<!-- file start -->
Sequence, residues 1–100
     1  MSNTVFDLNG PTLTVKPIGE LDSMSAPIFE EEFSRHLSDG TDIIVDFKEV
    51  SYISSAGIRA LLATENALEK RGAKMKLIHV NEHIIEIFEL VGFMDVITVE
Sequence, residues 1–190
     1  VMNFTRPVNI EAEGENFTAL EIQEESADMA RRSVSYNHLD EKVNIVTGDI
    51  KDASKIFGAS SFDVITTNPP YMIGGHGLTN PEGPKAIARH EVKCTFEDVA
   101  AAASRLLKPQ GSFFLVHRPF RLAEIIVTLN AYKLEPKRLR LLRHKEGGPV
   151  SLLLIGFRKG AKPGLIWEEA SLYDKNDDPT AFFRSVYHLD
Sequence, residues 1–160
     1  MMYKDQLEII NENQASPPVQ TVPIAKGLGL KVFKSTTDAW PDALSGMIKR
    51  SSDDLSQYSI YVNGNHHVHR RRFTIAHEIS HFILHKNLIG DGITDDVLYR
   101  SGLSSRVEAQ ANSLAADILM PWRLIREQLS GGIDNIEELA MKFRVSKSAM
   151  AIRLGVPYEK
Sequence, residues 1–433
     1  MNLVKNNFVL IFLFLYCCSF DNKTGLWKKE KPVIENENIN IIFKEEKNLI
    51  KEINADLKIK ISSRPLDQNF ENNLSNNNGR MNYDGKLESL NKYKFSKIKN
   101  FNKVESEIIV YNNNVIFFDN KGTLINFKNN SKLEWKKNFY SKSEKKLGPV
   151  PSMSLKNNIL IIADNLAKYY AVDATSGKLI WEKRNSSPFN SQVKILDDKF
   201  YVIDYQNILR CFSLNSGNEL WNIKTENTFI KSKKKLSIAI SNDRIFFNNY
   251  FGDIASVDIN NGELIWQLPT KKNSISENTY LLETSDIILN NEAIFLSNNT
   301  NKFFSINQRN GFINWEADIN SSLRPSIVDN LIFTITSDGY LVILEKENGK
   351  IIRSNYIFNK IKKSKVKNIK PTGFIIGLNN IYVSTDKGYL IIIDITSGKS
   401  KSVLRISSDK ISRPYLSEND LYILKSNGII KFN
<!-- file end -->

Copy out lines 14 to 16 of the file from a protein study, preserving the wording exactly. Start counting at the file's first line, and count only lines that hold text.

Sequence, residues 1–433
     1  MNLVKNNFVL IFLFLYCCSF DNKTGLWKKE KPVIENENIN IIFKEEKNLI
    51  KEINADLKIK ISSRPLDQNF ENNLSNNNGR MNYDGKLESL NKYKFSKIKN